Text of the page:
Flint’s Water Crisis

Thursday's Editorial   —   Posted on February 4, 2016

Flint’s Water Crisis

(by the Editors, National Review) – …Flint, Michigan has relatively high levels of lead in its drinking water, a cause for legitimate concern. This is a result not so much of the source of its drinking water, the Flint River, as of the city’s failure to treat the water, which, without the proper additives, leaches* lead and other contaminants from pipes. [*leach: to release (a chemical, a metal, etc.) when a liquid passes through]

Prior to and separate from the current water crisis, Flint was in a state of financial ruination. In one of the most liberal cities in the United States, Flint’s Democrat-dominated government did what Democrat-monopoly governments do in practically every city they control: It spent money as quickly as it could while at the same time [destroyed] the tax base with inept municipal services, onerous regulations, high taxes, and the like. As a result of this, a bankrupt Flint entered into a state of receivership, meaning that an emergency manager — or emergency financial manager, depending upon Michigan’s fluctuating fiscal-emergency law — was appointed by state authorities and given power to supersede local elected officials in some matters, especially financial ones.

The water contamination happened while Flint was under the authority of an emergency manager who, though a Democrat, had been appointed to the post by Michigan’s Republican governor, Rick Snyder. He was, in fact, the most recent in a long line of emergency managers, Flint having failed for years to emerge from its state of fiscal emergency.

Because the Democratic emergency manager was appointed by a Republican governor, [Democrats] have declared the situation in Flint to be a Republican scandal.

Not so fast.

Before the appointment of the (Democratic) emergency manager, Flint’s elected mayor and city council (Democrats) had decided to sever the city’s relationship with its drinking-water supplier, which was at the time the Detroit water authority. Flint intended to join a regional water authority that would pipe water in from Lake Huron, a project that was scheduled to take three years to come online. In a fit of pique, Detroit (a city under unitary Democratic control) immediately moved to terminate Flint’s water supply, leaving the city high and literally dry.

At this point, somebody – no one will quite admit to being the responsible party – decided to rely temporarily on the Flint River. The Democrats in the city government deny responsibility for this; so does Darnell Earley, the Democrat who served as emergency manager. Earley says that the decisions to terminate the Detroit deal and rely temporarily on the Flint River “were both a part of a long-term plan that was approved by Flint’s mayor, and confirmed by a City Council vote of 7–1 in March of 2013 — a full seven months before I began my term as emergency manager.”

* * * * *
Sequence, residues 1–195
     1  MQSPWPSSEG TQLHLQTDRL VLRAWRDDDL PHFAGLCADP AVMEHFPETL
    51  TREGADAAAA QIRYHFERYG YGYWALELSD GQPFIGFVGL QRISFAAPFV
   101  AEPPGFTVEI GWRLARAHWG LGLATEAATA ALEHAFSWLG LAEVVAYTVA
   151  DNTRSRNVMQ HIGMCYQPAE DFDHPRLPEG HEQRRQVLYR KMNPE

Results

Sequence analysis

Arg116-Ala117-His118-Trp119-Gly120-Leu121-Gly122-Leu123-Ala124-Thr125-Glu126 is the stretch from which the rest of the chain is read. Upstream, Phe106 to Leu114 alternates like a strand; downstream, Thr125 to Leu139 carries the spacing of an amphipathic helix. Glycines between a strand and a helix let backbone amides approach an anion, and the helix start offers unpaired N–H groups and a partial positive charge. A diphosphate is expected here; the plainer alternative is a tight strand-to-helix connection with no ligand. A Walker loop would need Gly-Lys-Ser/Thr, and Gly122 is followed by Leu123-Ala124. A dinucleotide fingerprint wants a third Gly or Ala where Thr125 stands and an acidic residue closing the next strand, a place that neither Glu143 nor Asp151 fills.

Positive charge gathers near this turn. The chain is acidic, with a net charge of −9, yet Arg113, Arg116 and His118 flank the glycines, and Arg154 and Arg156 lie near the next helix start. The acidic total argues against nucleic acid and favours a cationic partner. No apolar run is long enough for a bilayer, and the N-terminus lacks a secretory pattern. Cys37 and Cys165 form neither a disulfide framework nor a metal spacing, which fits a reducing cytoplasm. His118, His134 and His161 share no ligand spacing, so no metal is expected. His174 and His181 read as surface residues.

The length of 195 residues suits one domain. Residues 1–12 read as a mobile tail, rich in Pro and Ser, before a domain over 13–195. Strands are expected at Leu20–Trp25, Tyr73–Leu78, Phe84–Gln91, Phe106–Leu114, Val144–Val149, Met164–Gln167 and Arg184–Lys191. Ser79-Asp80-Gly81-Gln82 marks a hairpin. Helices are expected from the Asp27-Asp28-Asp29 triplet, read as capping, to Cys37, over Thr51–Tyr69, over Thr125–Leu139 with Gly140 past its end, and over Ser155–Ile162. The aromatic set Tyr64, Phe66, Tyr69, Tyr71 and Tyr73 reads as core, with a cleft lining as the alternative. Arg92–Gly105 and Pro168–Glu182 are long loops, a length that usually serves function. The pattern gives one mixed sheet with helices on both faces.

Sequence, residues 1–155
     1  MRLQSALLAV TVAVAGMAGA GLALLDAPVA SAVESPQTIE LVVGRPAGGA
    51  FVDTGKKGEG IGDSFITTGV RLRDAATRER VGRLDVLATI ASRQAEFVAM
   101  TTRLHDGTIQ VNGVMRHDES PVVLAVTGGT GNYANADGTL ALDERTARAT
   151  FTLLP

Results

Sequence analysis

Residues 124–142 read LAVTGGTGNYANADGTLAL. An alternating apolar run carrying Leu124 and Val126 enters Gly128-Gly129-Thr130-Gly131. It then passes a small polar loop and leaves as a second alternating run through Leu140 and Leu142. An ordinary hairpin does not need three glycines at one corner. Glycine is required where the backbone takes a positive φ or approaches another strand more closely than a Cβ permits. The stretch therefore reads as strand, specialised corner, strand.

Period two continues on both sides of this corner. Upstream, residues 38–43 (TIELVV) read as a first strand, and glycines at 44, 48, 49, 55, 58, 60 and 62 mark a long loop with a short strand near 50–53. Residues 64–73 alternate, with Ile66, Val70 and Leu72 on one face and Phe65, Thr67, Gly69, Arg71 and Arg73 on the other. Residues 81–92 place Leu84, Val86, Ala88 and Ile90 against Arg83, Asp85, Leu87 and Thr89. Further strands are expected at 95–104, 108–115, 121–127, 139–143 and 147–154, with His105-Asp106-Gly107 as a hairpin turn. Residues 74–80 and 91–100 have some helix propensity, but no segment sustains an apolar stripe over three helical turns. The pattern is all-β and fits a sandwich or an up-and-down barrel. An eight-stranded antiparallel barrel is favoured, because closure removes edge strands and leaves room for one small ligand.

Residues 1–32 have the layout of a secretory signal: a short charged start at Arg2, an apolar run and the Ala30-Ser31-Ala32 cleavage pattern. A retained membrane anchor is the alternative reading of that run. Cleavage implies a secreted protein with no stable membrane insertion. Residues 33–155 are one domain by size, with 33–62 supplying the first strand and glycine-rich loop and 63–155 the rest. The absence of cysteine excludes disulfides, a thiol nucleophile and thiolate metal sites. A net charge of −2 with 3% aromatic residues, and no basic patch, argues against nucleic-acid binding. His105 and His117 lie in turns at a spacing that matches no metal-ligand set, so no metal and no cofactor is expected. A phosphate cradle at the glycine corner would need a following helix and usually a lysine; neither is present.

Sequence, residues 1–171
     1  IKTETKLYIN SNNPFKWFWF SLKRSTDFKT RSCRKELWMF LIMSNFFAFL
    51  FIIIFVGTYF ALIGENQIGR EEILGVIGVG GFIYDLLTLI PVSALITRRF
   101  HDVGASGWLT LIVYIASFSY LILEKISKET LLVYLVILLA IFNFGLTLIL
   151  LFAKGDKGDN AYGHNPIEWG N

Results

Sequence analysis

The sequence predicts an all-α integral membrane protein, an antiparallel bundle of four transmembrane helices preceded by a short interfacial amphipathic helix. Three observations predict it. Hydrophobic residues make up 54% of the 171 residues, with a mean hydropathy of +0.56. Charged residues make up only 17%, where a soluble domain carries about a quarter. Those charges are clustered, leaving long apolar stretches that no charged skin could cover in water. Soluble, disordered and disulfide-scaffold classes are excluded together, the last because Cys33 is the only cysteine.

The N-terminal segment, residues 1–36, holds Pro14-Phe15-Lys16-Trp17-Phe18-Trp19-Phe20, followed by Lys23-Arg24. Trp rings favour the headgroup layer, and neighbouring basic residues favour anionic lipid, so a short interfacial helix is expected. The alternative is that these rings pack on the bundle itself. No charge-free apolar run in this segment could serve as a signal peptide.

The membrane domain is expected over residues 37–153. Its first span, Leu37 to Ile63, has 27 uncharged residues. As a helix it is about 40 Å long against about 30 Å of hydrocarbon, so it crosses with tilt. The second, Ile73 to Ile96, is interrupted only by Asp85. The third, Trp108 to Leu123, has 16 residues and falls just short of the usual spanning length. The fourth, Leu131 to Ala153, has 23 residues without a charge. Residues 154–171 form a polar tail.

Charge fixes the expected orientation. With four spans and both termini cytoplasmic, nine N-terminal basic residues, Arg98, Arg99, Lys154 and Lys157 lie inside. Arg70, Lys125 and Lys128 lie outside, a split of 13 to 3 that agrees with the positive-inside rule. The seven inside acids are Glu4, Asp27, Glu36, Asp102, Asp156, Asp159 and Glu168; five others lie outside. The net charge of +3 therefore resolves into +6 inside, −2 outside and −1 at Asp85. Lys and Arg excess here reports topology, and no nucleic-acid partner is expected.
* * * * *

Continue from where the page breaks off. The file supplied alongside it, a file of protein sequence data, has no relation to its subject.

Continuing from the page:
Meanwhile, Michigan’s Department of Environmental Quality (DEQ) … seems at the very least to have suppressed worrisome findings about Flint’s water supply, and may have done worse than that. The federal Environmental Protection Agency (EPA) – whose Democratic chief was appointed by our Democratic president – knew for months that there were concerns about Flint’s water, and did nothing.

In sum:

  • The Democratic government of a Democratic city destroys that city’s finances so thoroughly that it must go into state receivership;
  • a Democratic emergency manager signs off on a consensus plan to use a temporary water source;
  • the municipal authorities in that Democratic city responsible for treating and monitoring drinking water fail to do their job;
  • a state agency whose employees work under SEIU Local 517 union fails to do its job overseeing the local authorities;
  • the Obama administration’s EPA, having been informed about the issue, keeps mum.

Republican scandal.

Republican Governor Rick Snyder, of course, does bear some responsibility here and, to his credit, has acknowledged as much. No, no reasonable person expects the governor to show up in Flint with a white glove and personally eyeball what the local water-treatment plant is up to, but the people he appointed did an insufficient job. It is ironic, given the tenor of the denunciations, that Governor Snyder is as guilty of excessive bipartisanship as of any other offense: In his desire to keep Flint under the watch of an emergency manager with whom the locals were comfortable – a Democrat – he may have overlooked better candidates with more thoroughgoing approaches to reform. …

So while those who fault Governor Snyder are not entirely wrong, what is deeply dishonest is the story put forward by such people as the filmmaker Michael Moore, who enjoys pretending to be from gritty, blue-collar Flint (he actually hails from an affluent suburb nearby), that this is, somehow, the result of the Republican approach to government or conservative governing ideas. That is absurd. Flint is a mess made by Democrats, made worse by the Democrats in Detroit, and ignored by the Democrats in the White House. The worst that can be said of the Republican on the scene is that he failed to save the local Democrats from the worst effects of their own excesses. …

Posted at NationalReview .com on January 20, 2016.  Reprinted here February 4, 2016 for educational purposes only. May not be reproduced on other websites without permission from National Review. 

Questions

1. What is the main idea of this editorial?

2. The purpose of an editorial is to explain, persuade, warn, criticize, entertain, praise, exhort or answer. What do you think is the purpose of this editoral? Explain your answer.

3. Re-read the last paragraph of the article. The Oxford-English Dictionary defines assertion as: a confident and forceful statement of fact or belief.  Do you agree with the Editors’ assertion? Explain your answer.